corner in each course. Table 8-4 lists the average number of concrete masonry units by size and approximate number of cubic feet of mortar required for every 100 square feet of concrete masonry wall. Table 8-5 lists the number of 16-inch blocks per course for any wall.

You should always use outside measurements when calculating the number of blocks required per course. For example, a basement 22 feet by 32 feet should require 79 blocks for one complete course. Multiply 79 by the number of courses needed. Thus, a one-course basement requires a total of 790 blocks for a solid wall, from which deductions should be made for windows and doors. If any dimension is an odd number, use the nearest smaller size listed in the table. For example, for a 22-foot by 31-foot enclosure, use 22 feet by 30 feet and add one-half block per row.

As a Builder, you might find yourself in the field without the tables handy, so here is another method. Use 3/4 times the length and 3/2 times the height for figuring how many 8-by-8-by-16-inch blocks you need for a wall. Let's take an example: Given: A wall 20 ft long x 8 ft high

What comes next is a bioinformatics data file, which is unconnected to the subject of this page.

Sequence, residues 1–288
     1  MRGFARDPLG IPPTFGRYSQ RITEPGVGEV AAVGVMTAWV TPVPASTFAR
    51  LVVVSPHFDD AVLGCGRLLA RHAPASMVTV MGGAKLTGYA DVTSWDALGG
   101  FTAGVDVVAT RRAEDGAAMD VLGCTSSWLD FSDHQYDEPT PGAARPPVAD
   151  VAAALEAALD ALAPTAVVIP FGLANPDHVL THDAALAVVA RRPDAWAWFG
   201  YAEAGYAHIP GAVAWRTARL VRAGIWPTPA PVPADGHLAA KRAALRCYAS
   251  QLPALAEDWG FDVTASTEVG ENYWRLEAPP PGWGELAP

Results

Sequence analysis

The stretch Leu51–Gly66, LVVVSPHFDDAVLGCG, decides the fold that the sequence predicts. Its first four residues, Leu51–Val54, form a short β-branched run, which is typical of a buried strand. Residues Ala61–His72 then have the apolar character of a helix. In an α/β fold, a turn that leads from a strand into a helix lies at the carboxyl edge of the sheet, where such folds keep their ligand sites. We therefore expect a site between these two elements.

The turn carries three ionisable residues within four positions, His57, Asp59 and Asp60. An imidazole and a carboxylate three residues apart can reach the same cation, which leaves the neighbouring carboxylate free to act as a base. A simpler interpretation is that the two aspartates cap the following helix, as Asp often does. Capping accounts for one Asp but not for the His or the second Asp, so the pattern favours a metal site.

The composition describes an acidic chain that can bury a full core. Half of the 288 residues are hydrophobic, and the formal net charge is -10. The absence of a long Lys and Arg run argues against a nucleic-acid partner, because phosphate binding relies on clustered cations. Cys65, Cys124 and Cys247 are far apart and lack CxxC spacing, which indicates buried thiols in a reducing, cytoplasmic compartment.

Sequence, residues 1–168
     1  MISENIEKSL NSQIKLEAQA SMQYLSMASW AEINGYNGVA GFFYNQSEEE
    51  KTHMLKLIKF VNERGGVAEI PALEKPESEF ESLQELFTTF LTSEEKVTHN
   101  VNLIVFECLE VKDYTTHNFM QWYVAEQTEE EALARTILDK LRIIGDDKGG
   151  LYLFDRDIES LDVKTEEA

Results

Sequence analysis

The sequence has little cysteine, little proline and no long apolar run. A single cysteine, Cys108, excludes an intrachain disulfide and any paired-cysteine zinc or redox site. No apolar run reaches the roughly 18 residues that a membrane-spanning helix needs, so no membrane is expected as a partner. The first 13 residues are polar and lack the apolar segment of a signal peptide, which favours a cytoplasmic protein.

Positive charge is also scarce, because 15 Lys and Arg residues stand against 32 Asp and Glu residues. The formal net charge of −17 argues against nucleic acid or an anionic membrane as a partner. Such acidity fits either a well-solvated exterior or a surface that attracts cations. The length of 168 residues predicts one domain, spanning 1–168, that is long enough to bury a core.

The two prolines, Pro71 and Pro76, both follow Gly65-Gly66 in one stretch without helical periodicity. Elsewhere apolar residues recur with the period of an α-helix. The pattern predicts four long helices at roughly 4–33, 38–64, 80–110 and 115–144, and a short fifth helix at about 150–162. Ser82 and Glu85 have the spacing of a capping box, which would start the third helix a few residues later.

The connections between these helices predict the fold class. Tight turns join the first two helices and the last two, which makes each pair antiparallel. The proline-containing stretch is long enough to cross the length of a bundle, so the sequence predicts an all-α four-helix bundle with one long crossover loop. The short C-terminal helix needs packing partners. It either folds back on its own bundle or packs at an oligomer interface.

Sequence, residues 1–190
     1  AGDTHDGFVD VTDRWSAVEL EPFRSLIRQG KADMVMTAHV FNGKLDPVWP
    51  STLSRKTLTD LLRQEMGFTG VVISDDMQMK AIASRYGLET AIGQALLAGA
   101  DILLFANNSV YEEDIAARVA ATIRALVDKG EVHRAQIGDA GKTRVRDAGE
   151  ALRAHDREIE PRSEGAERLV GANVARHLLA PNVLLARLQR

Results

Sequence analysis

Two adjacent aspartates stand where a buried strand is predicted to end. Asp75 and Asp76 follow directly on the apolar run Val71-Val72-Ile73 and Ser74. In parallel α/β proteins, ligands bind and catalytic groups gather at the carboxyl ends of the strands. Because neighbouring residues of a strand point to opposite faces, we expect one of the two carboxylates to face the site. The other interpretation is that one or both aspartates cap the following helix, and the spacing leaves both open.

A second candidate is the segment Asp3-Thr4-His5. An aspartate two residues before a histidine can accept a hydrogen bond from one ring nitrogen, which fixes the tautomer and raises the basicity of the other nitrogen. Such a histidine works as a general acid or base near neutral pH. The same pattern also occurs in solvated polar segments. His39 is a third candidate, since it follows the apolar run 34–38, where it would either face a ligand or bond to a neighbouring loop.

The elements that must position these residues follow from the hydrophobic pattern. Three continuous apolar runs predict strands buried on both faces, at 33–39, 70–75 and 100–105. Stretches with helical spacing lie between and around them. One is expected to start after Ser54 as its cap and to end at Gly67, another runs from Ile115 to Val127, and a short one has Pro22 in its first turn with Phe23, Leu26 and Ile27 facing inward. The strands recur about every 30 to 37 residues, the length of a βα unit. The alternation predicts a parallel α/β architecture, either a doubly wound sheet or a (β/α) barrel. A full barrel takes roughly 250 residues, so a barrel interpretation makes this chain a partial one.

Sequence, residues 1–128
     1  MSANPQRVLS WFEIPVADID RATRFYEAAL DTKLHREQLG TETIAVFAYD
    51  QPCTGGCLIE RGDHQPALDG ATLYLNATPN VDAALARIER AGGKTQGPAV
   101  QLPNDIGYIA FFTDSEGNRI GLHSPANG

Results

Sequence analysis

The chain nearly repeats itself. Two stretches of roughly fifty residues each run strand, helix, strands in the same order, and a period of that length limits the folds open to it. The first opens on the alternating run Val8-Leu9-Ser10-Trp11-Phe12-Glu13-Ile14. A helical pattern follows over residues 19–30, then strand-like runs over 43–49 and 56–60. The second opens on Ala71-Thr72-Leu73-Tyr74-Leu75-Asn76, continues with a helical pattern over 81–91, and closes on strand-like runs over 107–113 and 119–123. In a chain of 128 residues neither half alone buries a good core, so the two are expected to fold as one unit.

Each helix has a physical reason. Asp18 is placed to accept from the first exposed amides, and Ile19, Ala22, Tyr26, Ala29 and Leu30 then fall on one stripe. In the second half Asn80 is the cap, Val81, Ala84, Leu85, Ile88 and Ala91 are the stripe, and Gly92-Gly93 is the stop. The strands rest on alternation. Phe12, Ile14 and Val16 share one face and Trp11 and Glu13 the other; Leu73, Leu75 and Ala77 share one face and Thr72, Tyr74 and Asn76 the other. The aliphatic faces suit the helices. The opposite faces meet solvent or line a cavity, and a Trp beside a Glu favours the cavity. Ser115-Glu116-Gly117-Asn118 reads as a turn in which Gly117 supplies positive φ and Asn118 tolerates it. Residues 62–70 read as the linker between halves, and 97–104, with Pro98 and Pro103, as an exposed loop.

You can use "rule 38" for calculating the raw material needed to mix 1 yard of mortar without a great deal of paperwork. This rule does not, however, accurately calculate the required raw materials for large masonry construction jobs. For larger jobs, use the absolute volume or weight formula. In most cases, though, and particularly in advanced base construction, you can use rule 38 to quickly estimate the quantities of the required raw materials.

Builders have found that it takes about 38 cubic feet of raw materials to make 1 cubic yard of mortar. In using rule 38 for calculating mortar, take the rule number and divide it by the sum of the quantity figures specified in the mix. For example, let's assume that the building specifications call for a 1:3 mix for mortar, 1 + 3 = 4. Since 38 4 = 9 1/2, you'll need 9 1/2 sacks, or 9 1/2 cubic feet, of cement. To calculate the amount of fine aggregate (sand), you multiply 9 1/2 by 3. The product (28 1/2 cubic feet) is the amount of sand you need to mix 1 cubic yard of mortar using a 1:3 mix. The sum of the two required quantities should always equal 38. This is how you can check whether you are using the correct amounts. In the above example, 9 1/2 sacks of cement plus 28 1/2 cubic feet of sand equal 38.

Figure 8-6.-Planning concrete masonry wall openings.

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